How to Stay Safe in the Sun This Summer

Summer is a time for unplugging, getting outside, and enjoying things like golf, tennis, biking, hiking, picnicking, yard games, hammocking, attending concerts, and grilling out with friends. But if you’re going to spend a lot of time in the great outdoors, make sure you’re protecting your skin and staying safe.

5 Tips for Staying Safe in the Sun

The sun isn’t necessarily any more dangerous to our bodies during the summer than any other time of year, but we do have to be more conscious of it. It’s typically hotter and there tend to be fewer clouds, but it’s mostly the fact that we spend more time outside that creates the need for greater protection. Here are some suggestions:

  • Avoid Peak Hours

When possible, always avoid prolonged exposure to direct heat during peak sunlight hours (typically 10 a.m. to 2 p.m.). This is when the sun is most intense and you face the greatest risk of sunburn. Instead, try to plan outdoor activities during the morning and late afternoon hours.

  • Lather Up

Sunscreen isn’t something to apply sparingly or occasionally. While most people only think to use it when visiting the beach or pool, it’s important to wear it on a daily basis. It’s also smart to think about which type of sunscreen you’re wearing. Don’t automatically assume that higher SPF is always better.

“High-SPF sunscreens are made with higher concentrations of chemicals and some of these ingredients penetrating the skin in high doses may pose health risks, including tissue damage and hormone disruption,” explains. “Sunscreen with values of 30-50 SPF will offer adequate sunburn protection if applied correctly, even for people most susceptible to sunburn.”

When purchasing sunscreen, look for products like BEAUTY OF JOSEON Relief Sun that are fragrance-free and don’t contain dangerous active ingredients or preservatives like methylisothiazolinone.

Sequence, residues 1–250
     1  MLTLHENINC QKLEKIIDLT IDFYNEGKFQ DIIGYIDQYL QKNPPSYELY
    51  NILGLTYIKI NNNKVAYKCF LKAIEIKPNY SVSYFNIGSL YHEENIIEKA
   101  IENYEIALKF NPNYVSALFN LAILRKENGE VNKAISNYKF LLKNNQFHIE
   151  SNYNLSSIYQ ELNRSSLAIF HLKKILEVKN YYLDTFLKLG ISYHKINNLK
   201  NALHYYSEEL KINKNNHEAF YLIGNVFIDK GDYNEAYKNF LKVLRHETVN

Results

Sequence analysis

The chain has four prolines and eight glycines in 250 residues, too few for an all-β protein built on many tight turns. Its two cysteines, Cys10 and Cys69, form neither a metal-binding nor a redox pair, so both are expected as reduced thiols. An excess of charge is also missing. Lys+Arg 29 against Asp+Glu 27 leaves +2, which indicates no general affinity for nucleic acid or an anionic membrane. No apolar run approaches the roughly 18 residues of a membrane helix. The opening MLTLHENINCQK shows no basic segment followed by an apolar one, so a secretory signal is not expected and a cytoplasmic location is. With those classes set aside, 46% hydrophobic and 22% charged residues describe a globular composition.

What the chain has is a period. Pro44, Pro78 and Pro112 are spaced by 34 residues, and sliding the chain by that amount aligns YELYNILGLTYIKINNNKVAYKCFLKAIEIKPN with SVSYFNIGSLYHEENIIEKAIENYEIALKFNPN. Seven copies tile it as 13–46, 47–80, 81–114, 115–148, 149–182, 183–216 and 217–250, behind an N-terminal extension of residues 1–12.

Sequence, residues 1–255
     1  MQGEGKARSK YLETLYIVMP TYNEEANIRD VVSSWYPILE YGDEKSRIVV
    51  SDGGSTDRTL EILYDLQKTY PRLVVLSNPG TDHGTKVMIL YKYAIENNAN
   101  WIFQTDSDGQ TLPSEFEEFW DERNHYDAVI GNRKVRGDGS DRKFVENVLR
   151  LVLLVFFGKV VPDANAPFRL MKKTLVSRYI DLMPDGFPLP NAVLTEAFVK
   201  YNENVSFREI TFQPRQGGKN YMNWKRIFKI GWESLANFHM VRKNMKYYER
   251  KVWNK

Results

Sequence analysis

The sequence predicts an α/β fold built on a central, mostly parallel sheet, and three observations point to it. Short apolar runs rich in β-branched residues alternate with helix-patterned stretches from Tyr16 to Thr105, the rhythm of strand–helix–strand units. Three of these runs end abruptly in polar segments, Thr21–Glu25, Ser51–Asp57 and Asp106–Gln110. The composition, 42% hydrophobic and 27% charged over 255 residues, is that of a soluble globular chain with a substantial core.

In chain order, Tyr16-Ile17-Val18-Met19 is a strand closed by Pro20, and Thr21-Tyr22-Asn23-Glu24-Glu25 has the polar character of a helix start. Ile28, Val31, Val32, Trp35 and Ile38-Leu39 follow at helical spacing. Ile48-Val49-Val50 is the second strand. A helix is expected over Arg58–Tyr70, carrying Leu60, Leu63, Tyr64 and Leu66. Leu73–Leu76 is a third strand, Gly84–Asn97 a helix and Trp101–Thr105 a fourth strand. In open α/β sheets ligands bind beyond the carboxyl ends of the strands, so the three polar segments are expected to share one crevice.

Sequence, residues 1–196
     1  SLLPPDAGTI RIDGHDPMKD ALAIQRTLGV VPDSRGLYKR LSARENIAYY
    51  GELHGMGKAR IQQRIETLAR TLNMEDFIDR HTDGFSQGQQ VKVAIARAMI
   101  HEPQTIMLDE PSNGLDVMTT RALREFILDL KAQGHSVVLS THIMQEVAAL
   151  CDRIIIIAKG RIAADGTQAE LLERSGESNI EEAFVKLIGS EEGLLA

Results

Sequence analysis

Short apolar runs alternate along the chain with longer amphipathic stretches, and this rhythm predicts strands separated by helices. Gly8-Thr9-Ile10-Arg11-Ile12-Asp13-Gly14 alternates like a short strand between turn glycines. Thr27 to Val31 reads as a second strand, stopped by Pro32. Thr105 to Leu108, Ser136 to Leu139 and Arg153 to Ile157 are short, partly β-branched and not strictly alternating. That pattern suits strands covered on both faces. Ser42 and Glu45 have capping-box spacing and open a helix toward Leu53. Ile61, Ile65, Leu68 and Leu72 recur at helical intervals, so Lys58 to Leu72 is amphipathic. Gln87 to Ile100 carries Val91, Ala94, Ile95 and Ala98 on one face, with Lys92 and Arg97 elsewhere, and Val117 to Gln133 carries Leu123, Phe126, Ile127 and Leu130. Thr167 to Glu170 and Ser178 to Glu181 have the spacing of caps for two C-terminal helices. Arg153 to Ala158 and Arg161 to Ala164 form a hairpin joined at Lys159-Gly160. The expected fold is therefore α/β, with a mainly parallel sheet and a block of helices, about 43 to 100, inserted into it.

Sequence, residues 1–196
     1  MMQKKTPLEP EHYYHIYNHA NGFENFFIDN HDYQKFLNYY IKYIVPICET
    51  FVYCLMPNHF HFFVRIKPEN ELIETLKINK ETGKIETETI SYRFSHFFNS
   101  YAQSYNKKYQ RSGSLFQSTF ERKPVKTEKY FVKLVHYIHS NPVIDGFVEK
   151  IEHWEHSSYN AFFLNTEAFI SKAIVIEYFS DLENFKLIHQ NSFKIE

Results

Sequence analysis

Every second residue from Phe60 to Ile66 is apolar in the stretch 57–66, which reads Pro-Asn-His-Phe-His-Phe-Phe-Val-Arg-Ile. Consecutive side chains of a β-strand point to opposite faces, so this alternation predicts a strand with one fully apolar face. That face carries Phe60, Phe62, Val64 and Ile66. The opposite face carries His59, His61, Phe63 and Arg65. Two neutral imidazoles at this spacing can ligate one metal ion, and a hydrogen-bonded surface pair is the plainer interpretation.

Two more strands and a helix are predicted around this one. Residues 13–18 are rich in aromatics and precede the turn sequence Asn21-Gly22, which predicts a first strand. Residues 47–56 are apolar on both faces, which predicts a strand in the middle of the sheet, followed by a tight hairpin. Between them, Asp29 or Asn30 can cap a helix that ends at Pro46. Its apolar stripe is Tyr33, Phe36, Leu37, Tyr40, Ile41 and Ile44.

• Wear the Right Gear

In addition to sunscreen, be smart about what you wear. While it’s hot outside during the summer months, try to leave as little skin exposed as possible. Light, airy shirts and cover-ups are ideal. A hat can also provide significant protection for your face. And then there are sunglasses.

“Look for sunglasses that block 100 percent of all UV rays. Your optician can help you choose the best sunglass lenses for your needs,” Dr. Gary Heiting says. “To protect as much of the delicate skin around your eyes as possible, try at least one pair of sunglasses with large lenses or a close-fitting wraparound style.”

  • Seek Shade

If you’ll be outside for long periods of time, it’s not enough to wear the right gear. You also need to seek shade whenever possible.

If you’ll be somewhere without much sun coverage – like watching your son’s little league baseball game or attending a block party in the cul-de-sac – consider using an EZ up canopy to provide a little coverage. If a canopy or tent isn’t practical, an umbrella can serve the same purpose.

  • Hydrate

Most people make the critical mistake of not hydrating well enough during the summer. In doing so, they put their skin at increased risk of damage.

Make sure you drink the recommended eight to ten 8-ounce glasses or pure, filtered water each day. Not only does this help all of your muscles, joints, and organs function properly, but it also provides the proper moisture balance to protect your skin against the heat.

Get Outside and Enjoy the Sun

According to data gathered by the Environmental Protection Agency (EPA), the average American spends 93 percent of their life indoors (87 percent inside and 6 percent in automobiles). That means just 7 percent of the average day – or a little over 90 minutes – is spent outside.

While you may think you’re doing the right thing by staying inside and avoiding the sun, it’s actually not healthy or encouraged. Not only are pollutants higher inside than outside, but your body needs vitamin D from the sun (as well as the physical activity that typically comes with spending time outdoors).

Make it a point to get outside more this summer. And when you do get outside, be smart about how you protect your skin from the sun. In doing so, you’ll enjoy the best of both worlds!

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